Foolish folks who had the chance to step into America would probably not miss the gigantic Wal-Mart stores, which are the giant cousins of the supermarkets we see in Singapore. This huge company comes with some equally huge numbers. In fact, as of Jan 2014, Wal-mart generated an astonishing US$476.3 billion in sales over the last 12 months. To put this into context, that revenue figure would exceed all of Singapore’s annual Gross Domestic Product. With numbers like that, long term investors should sit up and take notice. After all, from its IPO in Oct 1970, Walmart shares have…
Foolish folks who had the chance to step into America would probably not miss the gigantic Wal-Mart stores, which are the giant cousins of the supermarkets we see in Singapore.
This huge company comes with some equally huge numbers. In fact, as of Jan 2014, Wal-mart generated an astonishing US$476.3 billion in sales over the last 12 months. To put this into context, that revenue figure would exceed all of Singapore’s annual Gross Domestic Product. With numbers like that, long term investors should sit up and take notice.
After all, from its IPO in Oct 1970, Walmart shares have gone on to return in excess of 1,300 times the original invested amount. It is, quite simply, one of the biggest success stories in corporate America ever.
Fortunately, the late Sam Walton – founder of Wal-Mart – chronicled his story in his book “Made in America”.
That’s nice, but why should I read it?
Long term ownership of companies comes with its own trials and tribulations. Even the greatest multi-baggers of all time do not go up in a linear fashion. For this, the story of Wal-Mart provides helpful business hints on how Mr. Walton braved through various business challenges, and set the path for the retailer to continually adapt itself into one of the largest companies in the world. It provides, in Singaporean lingo, the “model answer” of sorts for us to reference as we stroll down the path of long term ownership of companies.
With that in mind, here are a couple of key takeaways from the book together with suitable local examples.
1. It is always about the customers
In the book, Roberto Goizueta, Chairman and Chief Executive Officer of Coca-Cola, said the following about Mr. Walton:
“Sam Walton understands better than anyone else that no business can exist without customers. And in the process of serving Wal-Mart’s customer’s to perfection (not quite perfection, he would say), he also serves Wal-Mart’s associates, its share owners, its communities, and the rest of its stakeholders in an extraordinary fashion”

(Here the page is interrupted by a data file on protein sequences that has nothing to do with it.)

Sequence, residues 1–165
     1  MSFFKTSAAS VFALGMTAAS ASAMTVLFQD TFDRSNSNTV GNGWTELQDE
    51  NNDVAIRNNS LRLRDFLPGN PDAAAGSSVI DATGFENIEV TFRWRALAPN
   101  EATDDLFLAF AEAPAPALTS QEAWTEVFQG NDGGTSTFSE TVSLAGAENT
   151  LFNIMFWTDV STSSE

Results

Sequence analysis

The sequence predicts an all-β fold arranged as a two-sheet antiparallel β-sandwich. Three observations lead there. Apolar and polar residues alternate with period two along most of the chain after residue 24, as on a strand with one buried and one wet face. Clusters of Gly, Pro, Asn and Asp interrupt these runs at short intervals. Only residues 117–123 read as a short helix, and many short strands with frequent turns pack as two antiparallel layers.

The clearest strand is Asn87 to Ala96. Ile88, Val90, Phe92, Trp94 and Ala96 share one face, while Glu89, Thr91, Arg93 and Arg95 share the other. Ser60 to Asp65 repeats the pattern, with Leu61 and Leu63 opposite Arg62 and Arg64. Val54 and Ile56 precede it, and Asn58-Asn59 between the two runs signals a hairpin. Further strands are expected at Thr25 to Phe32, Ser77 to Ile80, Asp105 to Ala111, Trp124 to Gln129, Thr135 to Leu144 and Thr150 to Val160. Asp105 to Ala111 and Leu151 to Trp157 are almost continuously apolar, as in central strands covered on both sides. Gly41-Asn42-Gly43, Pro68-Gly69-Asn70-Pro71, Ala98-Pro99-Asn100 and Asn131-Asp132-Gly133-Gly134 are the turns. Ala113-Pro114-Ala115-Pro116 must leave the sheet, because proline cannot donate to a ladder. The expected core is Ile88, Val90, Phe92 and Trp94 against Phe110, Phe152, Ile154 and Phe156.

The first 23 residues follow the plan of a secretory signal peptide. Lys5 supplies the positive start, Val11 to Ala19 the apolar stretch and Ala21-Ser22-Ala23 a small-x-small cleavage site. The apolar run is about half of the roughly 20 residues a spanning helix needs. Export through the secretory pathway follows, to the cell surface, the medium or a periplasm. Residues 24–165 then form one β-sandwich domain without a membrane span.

In the early 2000s, Challenger Technologies Limited (SGX:573) admitted that it had stumbled in its international expansion. Challenger CEO Loo Leong Thye recounted the painful decision he had to take to shut down its overseas businesses in order to preserve the profitability of the company.
As a result of his experience, he decided to focus his energies on building stronger relationships with his customers and suppliers. With the stronger foundation, he took the company to an IPO in 2004. Since then, the stock price has returned a total of 780% up till last Friday’s close at S$0.49 per share.
2. Success does not happen overnight
In the book, Mr. Walton wrote that somehow over the years, the public’s impression of Wal-Mart was that it’s something he dreamed up out of the blue as a middle-age man, and that the company was just this great idea that became an overnight success.
But, the first Wal-Mart store was in fact an outgrowth of everything that Mr. Walton and his crew had been doing since 1945. Mr. Walton also cleverly quipped that like most overnight successes, Wal-Mart’s was about 20 years in the making.
Japanese food retailer Japan Foods Holding Ltd (SGX:5OI) had 49 outlets as of 31 March 2011. Today, it has 59 outlets and its share price has tripled from S$0.203 each to S$0.61. With such figures, it might seem that it is ‘easy’ for success to happen for the company – just open more stores and the cash will roll in.
But, what has happened since 31 March 2011 is that the company has closed a total of 27 outlets, but in turn, opened or franchised 37 new outlets.
Interestingly, throughout this period, the company’s revenue and earnings-per-share grew 24.6% and 88% respectively. With upward figures like these, it is perhaps safe to say that Japan Foods’ relentless experimentation with different concepts and the application of what they have learnt (much like how Mr. Walton infused his first Wal-Mart store with 20 years of experience) has found success over the last three years.
In particular, the company’s Menya Musashi concept has gone from zero to 16 outlets as of the financial year ended 31 March 2014. Although it is too early to judge whether Menya Musashi will be successful over the longer term, the concept is already contributing 16.1% of the company’s overall revenue.
There is an old adage which goes like this – “there is no elevator to success, you have to take the stairs”. These words are fitting when we note that Wal-Mart’s multi-bagging success has been accumulated over decades, and not over a couple of quarters or even in a few years. Although Wal Mart is unlikely to become another 1300-bagger in the coming decades, we take comfort that while history does not always repeat itself, it certainly can rhyme. As such, we stand to increase our chances of investing success by recognizing patterns from the past, and applying it for the future.
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The information provided is for general information purposes only and is not intended to be personalised investment or financial advice. Motley Fool Singapore contributor Chin Hui Leong doesn’t own shares in any companies mentioned.